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  1. #1
    Atomic Punk
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    12.09.17 @ 10:36 PM
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    don't know about y'all...but i'm more worried about n. korea than iraq...

    N. Korea Threatens to Abandon Armistice
    2 hours, 41 minutes ago

    By SANG-HUN CHOE, Associated Press Writer

    SEOUL, South Korea - North Korea (news - web sites) threatened on Tuesday to abandon the 1953 armistice that ended the Korean War, accusing the United States of plotting an attack on the communist state.


    AP Photo




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    A spokesman of the North's Korean People's Army claimed that the United States was building up reinforcements around the Korean Peninsula in preparations to attack the North, said the North's official news agency KCNA.


    "The situation is, therefore, getting more serious as the days go by as it is putting its plan for pre-emptive attacks on the (North) into practice," KCNA quoted the unidentified spokesman as saying.


    The 1950-53 Korean War ended with an armistice, not a peace treaty, leaving the countries technically in a state of war. A North Korean withdrawal from the armistice would remove the main mechanism that is helping to keep an uneasy peace on the peninsula, where the border between the two Koreas is the world's most heavily armed.


    The announcement is the latest move in a crisis over the North's recent decision to restart its nuclear programs in violations of international treaties.


    Washington and its allies are pressuring North Korea to abandon its suspected nuclear weapon programs. The North has insisted on direct talks first with the United States, from which it wants a nonaggression treaty.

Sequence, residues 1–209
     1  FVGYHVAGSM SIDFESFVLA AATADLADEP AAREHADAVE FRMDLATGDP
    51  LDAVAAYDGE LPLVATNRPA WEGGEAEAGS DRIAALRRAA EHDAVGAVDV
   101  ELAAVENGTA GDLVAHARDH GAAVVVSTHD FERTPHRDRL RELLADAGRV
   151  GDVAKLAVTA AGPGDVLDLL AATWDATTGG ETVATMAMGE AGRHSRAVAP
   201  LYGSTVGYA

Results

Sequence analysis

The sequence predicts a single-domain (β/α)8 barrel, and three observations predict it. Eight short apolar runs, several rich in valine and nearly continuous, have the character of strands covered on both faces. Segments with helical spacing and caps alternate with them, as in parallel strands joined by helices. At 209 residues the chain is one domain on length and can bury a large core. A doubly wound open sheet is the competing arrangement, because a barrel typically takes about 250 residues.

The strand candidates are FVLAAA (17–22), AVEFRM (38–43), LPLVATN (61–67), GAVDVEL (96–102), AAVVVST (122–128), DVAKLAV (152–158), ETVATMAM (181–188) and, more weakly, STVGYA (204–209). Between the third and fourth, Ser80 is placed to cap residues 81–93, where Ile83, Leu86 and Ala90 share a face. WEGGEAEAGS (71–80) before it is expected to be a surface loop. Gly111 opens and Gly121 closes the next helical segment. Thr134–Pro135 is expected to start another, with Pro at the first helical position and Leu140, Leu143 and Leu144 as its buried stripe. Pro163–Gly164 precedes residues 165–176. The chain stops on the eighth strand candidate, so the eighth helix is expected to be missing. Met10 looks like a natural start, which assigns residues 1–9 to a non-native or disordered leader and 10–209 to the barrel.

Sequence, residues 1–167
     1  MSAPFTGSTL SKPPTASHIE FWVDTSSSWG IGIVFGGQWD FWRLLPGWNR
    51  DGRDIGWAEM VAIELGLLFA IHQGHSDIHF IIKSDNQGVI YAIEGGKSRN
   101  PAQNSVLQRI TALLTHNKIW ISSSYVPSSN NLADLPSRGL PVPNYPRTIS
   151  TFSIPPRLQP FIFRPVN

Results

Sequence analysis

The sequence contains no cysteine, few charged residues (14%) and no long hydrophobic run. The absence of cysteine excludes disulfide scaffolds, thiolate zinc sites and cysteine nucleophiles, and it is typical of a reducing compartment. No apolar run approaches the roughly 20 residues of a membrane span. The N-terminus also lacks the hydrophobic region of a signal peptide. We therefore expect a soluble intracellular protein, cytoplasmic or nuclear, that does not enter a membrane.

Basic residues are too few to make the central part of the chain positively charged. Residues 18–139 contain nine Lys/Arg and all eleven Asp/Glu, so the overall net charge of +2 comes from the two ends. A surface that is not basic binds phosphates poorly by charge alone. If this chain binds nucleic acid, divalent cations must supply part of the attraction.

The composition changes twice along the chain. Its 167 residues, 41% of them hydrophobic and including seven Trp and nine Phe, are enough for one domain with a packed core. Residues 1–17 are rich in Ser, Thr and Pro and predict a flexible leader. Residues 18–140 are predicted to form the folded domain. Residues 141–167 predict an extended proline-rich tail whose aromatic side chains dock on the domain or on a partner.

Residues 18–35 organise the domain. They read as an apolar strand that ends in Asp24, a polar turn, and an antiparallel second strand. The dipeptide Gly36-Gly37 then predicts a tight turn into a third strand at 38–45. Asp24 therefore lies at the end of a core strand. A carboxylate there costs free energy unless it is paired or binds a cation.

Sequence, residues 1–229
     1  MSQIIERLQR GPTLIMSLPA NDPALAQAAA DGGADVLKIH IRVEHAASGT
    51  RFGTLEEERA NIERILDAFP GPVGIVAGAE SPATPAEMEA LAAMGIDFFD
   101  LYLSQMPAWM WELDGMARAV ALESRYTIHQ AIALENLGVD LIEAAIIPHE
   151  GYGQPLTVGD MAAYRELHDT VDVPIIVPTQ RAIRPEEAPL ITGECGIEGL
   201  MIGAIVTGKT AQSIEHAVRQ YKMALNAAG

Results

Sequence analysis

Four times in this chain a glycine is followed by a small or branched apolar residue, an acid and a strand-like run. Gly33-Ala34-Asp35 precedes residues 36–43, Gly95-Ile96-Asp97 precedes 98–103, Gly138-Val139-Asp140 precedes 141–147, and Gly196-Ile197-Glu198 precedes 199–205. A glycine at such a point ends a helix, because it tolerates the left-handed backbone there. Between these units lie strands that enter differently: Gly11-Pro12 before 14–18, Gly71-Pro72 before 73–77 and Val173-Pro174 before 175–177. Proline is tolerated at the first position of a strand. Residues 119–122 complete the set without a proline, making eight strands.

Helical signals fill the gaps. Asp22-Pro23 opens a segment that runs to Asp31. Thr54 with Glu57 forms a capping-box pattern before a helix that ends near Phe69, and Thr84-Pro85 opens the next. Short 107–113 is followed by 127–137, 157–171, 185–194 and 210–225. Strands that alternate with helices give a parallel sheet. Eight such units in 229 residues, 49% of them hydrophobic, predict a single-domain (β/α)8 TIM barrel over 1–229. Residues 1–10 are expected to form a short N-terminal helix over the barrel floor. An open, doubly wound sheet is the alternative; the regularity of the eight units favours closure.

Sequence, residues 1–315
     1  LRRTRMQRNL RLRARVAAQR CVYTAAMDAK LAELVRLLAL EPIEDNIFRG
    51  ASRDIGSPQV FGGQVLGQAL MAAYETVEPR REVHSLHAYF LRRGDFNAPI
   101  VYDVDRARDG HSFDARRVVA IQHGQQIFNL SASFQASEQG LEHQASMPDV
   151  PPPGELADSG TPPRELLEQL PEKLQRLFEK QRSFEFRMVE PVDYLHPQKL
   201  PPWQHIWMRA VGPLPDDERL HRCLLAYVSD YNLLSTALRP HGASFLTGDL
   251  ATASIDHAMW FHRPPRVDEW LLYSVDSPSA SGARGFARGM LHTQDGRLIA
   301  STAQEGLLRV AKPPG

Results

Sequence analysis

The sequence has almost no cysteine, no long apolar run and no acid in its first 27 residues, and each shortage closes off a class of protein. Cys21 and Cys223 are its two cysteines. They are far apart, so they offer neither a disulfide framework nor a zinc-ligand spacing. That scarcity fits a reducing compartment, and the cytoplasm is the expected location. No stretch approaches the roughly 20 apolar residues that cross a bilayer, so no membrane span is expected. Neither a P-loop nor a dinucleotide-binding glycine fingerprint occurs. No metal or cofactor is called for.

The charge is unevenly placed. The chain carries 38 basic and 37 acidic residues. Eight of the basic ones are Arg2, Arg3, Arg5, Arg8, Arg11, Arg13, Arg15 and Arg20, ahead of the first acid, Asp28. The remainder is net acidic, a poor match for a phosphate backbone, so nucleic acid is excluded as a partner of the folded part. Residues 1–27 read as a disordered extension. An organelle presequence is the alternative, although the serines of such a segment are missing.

The North threat followed by a day a declaration by the communist state that it would triumph in the nuclear standoff.


    That bluster came as South Korea (news - web sites)'s outgoing president, Kim Dae-jung (news - web sites), warned that Pyongyang's production of atomic weapons could force his country and Japan to build nuclear bombs as well. as South Korea warned that Pyongyang's production of atomic weapons could force the South and Japan to build nuclear bombs as well.


    Secretary of Defense Donald H. Rumsfeld has said that North Korea has one or two nuclear weapons and could extract enough plutonium within months to make six to eight more. North Korea had never admitted or denied having nuclear weapons, but has said it has the right to develop nuclear weapons.


    The spokesman said the "grave situation created by the undisguised war acts committed by the U.S. in breach of the armistice agreement compels the Korean People's Army side, its warring party, to immediately take all steps to cope with it."


    "If the U.S. side continues violating and misusing the armistice agreement as it pleases, there will be no need for the (North) to remain bound to the armistice agreement uncomfortably," the spokesman said.


    The North Korean statement, which was carried by KCNA on Tuesday was issued Monday by the spokesman of the North Korean military's mission to Panmunjom, a truce village where the U.S.-led U.N. Command and the North Korean military meet to oversee the armistice.


    The North accused the United States of violating the armistice agreement by sending reinforcements around the Korean Peninsula and planning to impose a naval blockade against the impoverished, communist state.


    North Korea had previously threatened to pull out of the armistice in an attempt to increase tension with the United States and force Washington to start negotiations with the Stalinist regime in Pyongyang.

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  2. #2
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    12.31.69 @ 04:00 PM
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    goodbye, sunshine... i could point out a bunch of the mistakes that got us here, but you've all heard that, right?

    i'm with you, jmj. this fucked-up corner of the sandbox is very worrisome. and no matter how much of this is posturing, bluffs, and hot air (probably about 98%), we shouldn't even be in the position to take this kind of shit off of north korea.

    plus, is there a real hatred between north korea and south korea? i don't know the area that well, but it seems like there's a emnity that wasn't present in east and west germany. is this all the result of civil war (our korean war?) - think i answered my own question i get more of a miami vs. havanna vibe off of the koreas.

  3. #3
    Atomic Punk
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    05.31.14 @ 08:17 PM
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    Our Korean War?

    The North Koreans started it.